September 26, 2020 (2:28 PM)

5 min read


ADVISORY. AdDU Academic Vice President Dr. Gina Montalan advised professors to be responsible in adjusting synchronous classes with regards to the emergency maintenance activities on trans-Pacific submarine cable system Asia-America Gateway (AAG) and its possible impacts to the University’s online classes. Photo by Jeni Anne Rosario

In response to the advisories of telecom companies of a five-day emergency maintenance, AdDU Academic Vice President Dr. Gina Montalan directed professors to be responsible in adjusting their synchronous classes during the period.

“As per our Primer on Academic Policies for Online Education, the bias of our online classes in the Higher Ed unit is on asynchronous learning in a hybrid online modality. Also, our server in the HEd is outside the services of PLDT line.  But in the event that a student internet connectivity is affected by the maintenance activity that was announced earlier by PLDT, then appropriate adjustments can be afforded to the student by the teacher when a synchronous class has been scheduled on the dates covered in the announcement made by PLDT,” Montalan said in her email response to the SAMAHAN.

Yesterday, the student government disseminated the said response to various class group chats via Facebook Messenger.

Before the resolution, however, Ateneans had expressed their concerns regarding the maintenance, as they might not have internet connection to do their academic tasks.

AdDU political party Ateneans for Governance, Innovation, Leadership, and Service (AGILAS) called for class suspension during the five-day maintenance period since “still it does not give assurance for students to continue in their daily online classes.”

“The already problematic internet situation in the Philippines, exacerbated by the on-going repairs of internet providers could disrupt the learnings of the students,” their statement read.

Some schools like University of Mindanao, San Pedro College, and Malayan Colleges Mindanao had already declared class suspension as a response to the downtime.

The AdDU Senior High School opted for “Independent Learning Time” for subjects until Wednesday next week.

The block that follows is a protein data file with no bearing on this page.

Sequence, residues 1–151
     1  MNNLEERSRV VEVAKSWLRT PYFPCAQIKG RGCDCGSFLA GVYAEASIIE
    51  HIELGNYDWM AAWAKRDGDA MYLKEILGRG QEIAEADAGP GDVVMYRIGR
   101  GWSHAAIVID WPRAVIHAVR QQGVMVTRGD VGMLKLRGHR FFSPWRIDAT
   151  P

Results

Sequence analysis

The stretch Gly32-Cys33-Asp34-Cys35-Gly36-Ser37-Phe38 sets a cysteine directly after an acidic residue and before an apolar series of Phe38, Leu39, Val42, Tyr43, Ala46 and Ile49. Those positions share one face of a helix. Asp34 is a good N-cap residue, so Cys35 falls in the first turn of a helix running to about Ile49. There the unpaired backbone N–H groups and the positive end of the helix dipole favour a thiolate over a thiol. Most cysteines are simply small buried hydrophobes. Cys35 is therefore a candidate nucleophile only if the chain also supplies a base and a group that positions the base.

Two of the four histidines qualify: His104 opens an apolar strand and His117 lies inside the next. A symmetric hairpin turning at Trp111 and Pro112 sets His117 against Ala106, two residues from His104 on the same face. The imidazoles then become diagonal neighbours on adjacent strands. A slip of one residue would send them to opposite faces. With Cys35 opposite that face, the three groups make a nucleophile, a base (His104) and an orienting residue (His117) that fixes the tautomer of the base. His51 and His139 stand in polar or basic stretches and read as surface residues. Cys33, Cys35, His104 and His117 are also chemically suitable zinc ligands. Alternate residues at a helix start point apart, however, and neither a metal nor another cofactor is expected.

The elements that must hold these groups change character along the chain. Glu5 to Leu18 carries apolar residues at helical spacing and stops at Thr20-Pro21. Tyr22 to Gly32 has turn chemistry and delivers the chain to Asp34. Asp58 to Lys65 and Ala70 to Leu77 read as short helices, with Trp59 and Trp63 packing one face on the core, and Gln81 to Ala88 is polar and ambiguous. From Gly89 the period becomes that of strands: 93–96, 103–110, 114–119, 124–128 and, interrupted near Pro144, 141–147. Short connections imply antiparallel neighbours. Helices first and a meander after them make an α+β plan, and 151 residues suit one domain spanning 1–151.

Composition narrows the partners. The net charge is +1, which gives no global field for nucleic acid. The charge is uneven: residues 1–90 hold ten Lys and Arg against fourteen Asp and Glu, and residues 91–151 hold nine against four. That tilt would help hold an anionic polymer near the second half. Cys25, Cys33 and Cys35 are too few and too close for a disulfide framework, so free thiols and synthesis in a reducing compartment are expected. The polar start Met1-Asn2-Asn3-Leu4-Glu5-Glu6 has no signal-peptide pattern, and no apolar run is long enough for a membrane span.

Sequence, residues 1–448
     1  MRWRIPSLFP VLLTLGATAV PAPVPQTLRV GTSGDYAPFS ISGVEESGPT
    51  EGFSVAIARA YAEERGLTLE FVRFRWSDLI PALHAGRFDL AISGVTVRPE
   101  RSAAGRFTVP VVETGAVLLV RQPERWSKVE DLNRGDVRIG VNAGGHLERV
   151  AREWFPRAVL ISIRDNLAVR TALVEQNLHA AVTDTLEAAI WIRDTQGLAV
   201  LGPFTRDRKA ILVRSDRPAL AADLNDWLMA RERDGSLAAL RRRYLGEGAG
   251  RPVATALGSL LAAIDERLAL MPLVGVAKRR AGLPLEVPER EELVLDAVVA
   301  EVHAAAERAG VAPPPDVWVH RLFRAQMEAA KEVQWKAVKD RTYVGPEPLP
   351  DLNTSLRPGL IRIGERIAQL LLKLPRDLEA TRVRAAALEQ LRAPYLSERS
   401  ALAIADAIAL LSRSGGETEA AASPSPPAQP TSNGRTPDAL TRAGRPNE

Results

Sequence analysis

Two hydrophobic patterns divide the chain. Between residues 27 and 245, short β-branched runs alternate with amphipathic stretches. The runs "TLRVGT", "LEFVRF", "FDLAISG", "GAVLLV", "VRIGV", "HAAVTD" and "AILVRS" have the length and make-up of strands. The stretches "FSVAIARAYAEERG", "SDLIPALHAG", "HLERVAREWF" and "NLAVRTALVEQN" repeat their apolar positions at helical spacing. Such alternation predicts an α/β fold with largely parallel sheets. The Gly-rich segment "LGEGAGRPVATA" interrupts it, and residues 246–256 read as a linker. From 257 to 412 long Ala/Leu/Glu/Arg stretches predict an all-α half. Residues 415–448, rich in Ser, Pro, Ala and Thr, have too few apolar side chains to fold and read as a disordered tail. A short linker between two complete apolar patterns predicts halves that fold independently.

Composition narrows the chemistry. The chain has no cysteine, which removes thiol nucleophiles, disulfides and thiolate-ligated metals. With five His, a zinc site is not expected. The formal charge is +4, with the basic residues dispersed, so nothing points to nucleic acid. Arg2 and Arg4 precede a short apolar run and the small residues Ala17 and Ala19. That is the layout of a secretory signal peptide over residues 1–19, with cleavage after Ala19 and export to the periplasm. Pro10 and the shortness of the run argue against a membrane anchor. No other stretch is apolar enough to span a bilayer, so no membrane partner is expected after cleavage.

Despite the assurance of telecom giant PLDT for a ‘continued internet connectivity’ during the emergency maintenance activities on trans-Pacific submarine cable system Asia-America Gateway (AAG), students Jessica Quibod of Accountancy and Nicolo Langahid of Entrepreneurship shared that they were not convinced of PLDT’s assurance.

For them, they can not be assured of having continued internet connection because PLDT’s internet is usually slow even without maintenance and would expect that the situation would further deteriorate during the upkeep.

“It will affect my learning kay magslow ang quality ng net so I can’t access maybe mga recorded videos na need [for] formative assessments next weekend, so magkara-kara [siguro] talaga ako once na maayos na net,” Quibod said.

Knowing the PLDT advisory and in fear of losing internet connection during the maintenance period, Quibod told Atenews in an online interview she already downloaded the files to study this weekend.

Langahid said that downloading any learning material is already his habit because of the possibility of having no internet connection and would be more incentivized to do so after finding out about the news.

“For tasks, [however], I’m afraid that some of the tasks would have to be put on hold since I rely on the internet to complete those tasks ie. research, group discussions, etc.,” Langahid pointed.

AdDU professor Alfie Anthony Neodama mentioned that since he and his students have almost completed the remaining topics for his subject, skipping a class or two is not a problem.

“A week ago, I scheduled an online exam this coming Monday and Tuesday. When I learned about the advisory, I decided to move the exam later next week,” he said.

Along with PLDT-Smart, other internet providers such as Sky Fiber and DCTech also announced that its subscribers may experience slow internet connection due to AAG cable system emergency maintenance activities.

It was announced to start repairs on September 25, 8 AM. In an updated advisory via Facebook post last September 24, PLDT said that the maintenance period will begin from September 26, 9 AM to September 30, 5 AM. 

“We have identified alternative cable systems to keep our connectivity resilient.  We have also adopted measures such as traffic rerouting and local caching, ensuring that most frequently downloaded content is located in the Philippines,” the statement read.

PLDT also stated it has invested substantially in expanding and boosting the capacity of its existing and new international submarine cable systems: Jupiter Cable and Asia Direct Cable Systems to ensure continuous service in situations like this.

“Should there be internet traffic spike beyond the traffic of the past weeks, some slowing down in the busiest hours for traffic going to Asia may be experienced, but no service will be denied, and internet traffic within the Philippines and to the US will not be impacted,” PLDT added.

According to, the Asia-America Gateway (AAG) is a 20,000km and the first submarine cable system linking South East Asia directly with the USA, that provides connectivity between Malaysia, Singapore, Thailand, Brunei Darussalam, Vietnam, Hong Kong SAR, Philippines, Guam, Hawaii and the US West Coast.

In Sunstar Davao’s Facebook post, PLDT is among the 19 telecommunication industry players which signed an agreement on April 27, 2008 for the laying down of AAG. Currently, submarine cables are the backbone of internet connectivity around the globe.

End the silence of the gagged!

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